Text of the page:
One indication of how widespread the collusion between the networks and the ONDCP has become is the fact that the number of shows with anti-drug themes has risen from 32 as of last March to 109 this winter.
Spokesmen from all of the networks have denied any wrong-doing and insisted they in no way ceded “creative control” over scripts and programs to the government. White House spokesman Joe Lockhart said, “Gen. McCaffrey has been very innovative about getting anti-drug messages out and he is going to continue to do so.” Clinton himself declared, “There was no attempt to regulate content or tell people what they had to put into it. Of course, I wouldn't support that.”
But five of the networks have acknowledged that they sent either final drafts of scripts or tapes of completed shows to the advertising agency representing the drug office, and the smaller WB network, a subsidiary of Time Warner, conceded that it submitted scripts in progress from “Smart Guy” and “The Wayan Brothers.”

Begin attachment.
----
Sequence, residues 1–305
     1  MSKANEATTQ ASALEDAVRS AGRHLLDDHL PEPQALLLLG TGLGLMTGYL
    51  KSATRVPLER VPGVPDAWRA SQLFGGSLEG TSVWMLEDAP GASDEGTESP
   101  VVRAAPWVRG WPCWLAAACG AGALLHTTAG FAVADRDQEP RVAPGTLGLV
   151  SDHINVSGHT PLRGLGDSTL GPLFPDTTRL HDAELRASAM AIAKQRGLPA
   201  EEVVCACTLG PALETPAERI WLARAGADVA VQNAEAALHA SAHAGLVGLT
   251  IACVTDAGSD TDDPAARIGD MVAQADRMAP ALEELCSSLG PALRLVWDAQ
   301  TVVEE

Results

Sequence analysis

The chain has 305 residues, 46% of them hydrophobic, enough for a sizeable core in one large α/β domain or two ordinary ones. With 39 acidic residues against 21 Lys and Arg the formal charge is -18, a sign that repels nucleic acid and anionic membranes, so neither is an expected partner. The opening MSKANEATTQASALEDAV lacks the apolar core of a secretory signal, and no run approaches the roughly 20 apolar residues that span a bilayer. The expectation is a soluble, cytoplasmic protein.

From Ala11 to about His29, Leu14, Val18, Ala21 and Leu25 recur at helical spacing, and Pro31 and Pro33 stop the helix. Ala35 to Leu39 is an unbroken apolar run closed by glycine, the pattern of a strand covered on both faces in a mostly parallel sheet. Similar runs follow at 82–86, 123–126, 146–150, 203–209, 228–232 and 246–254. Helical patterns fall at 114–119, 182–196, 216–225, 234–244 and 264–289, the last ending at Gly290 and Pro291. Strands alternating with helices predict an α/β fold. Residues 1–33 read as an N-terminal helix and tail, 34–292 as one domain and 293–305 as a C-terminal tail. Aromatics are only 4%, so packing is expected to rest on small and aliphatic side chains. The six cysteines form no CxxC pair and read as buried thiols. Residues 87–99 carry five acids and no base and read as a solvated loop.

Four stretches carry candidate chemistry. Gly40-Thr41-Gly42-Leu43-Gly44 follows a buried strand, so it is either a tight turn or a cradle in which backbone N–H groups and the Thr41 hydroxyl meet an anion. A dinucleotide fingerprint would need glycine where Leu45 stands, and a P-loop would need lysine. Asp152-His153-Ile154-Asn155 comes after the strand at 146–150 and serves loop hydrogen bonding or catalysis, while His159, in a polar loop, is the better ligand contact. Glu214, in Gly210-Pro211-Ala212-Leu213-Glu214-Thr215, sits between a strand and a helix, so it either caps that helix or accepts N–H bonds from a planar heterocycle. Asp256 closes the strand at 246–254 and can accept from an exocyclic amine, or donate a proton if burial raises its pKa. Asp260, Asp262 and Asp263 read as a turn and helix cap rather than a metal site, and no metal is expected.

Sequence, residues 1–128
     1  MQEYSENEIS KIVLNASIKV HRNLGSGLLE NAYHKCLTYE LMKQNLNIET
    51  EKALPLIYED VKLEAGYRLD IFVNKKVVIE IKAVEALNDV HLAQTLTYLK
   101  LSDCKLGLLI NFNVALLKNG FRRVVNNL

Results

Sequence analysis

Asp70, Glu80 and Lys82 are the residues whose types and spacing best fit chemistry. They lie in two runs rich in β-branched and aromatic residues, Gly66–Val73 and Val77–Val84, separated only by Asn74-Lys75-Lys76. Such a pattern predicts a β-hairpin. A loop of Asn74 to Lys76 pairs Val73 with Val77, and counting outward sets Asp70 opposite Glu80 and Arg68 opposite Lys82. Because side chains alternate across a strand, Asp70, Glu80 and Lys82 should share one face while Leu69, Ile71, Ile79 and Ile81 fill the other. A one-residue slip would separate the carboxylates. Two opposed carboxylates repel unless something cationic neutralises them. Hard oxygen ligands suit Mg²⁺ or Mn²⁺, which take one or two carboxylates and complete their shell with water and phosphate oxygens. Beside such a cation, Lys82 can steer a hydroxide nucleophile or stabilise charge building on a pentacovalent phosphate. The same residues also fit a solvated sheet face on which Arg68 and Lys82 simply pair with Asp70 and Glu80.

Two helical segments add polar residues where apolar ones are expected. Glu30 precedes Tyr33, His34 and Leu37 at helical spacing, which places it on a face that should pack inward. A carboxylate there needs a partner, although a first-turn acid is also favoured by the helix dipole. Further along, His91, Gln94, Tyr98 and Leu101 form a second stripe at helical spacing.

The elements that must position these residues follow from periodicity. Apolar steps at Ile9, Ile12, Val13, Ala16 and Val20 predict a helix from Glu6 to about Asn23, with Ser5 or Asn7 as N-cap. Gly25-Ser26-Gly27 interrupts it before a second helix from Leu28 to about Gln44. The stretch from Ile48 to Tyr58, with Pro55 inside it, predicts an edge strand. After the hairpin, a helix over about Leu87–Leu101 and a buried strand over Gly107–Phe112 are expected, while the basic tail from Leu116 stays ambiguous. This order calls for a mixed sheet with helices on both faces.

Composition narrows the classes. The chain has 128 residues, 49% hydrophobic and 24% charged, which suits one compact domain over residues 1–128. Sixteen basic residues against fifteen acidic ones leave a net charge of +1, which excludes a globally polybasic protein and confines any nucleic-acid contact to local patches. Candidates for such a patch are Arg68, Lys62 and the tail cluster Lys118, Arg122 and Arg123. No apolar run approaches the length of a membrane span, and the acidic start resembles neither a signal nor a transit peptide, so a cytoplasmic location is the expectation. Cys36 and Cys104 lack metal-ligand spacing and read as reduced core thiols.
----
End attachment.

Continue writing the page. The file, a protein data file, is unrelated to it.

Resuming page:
The collaboration between the government and the networks in disseminating propaganda in the form of entertainment may not be limited to the issue of drug use. The January 17 edition of “NewsHour,” the nightly news broadcast of the Public Broadcasting System, featured a segment on the White House-network anti-drug campaign. The PBS interviewer Terence Smith asked Dr. Donald Vereen, the deputy director of ONDCP, “Are there now messages in programming that had been agreed with the networks against tobacco or any other substances that we don't know about?”
Vereen answered, “Probably.” To which an obviously nonplussed Smith replied, “Probably?” Vereen rejoined, “I'm sure there are.”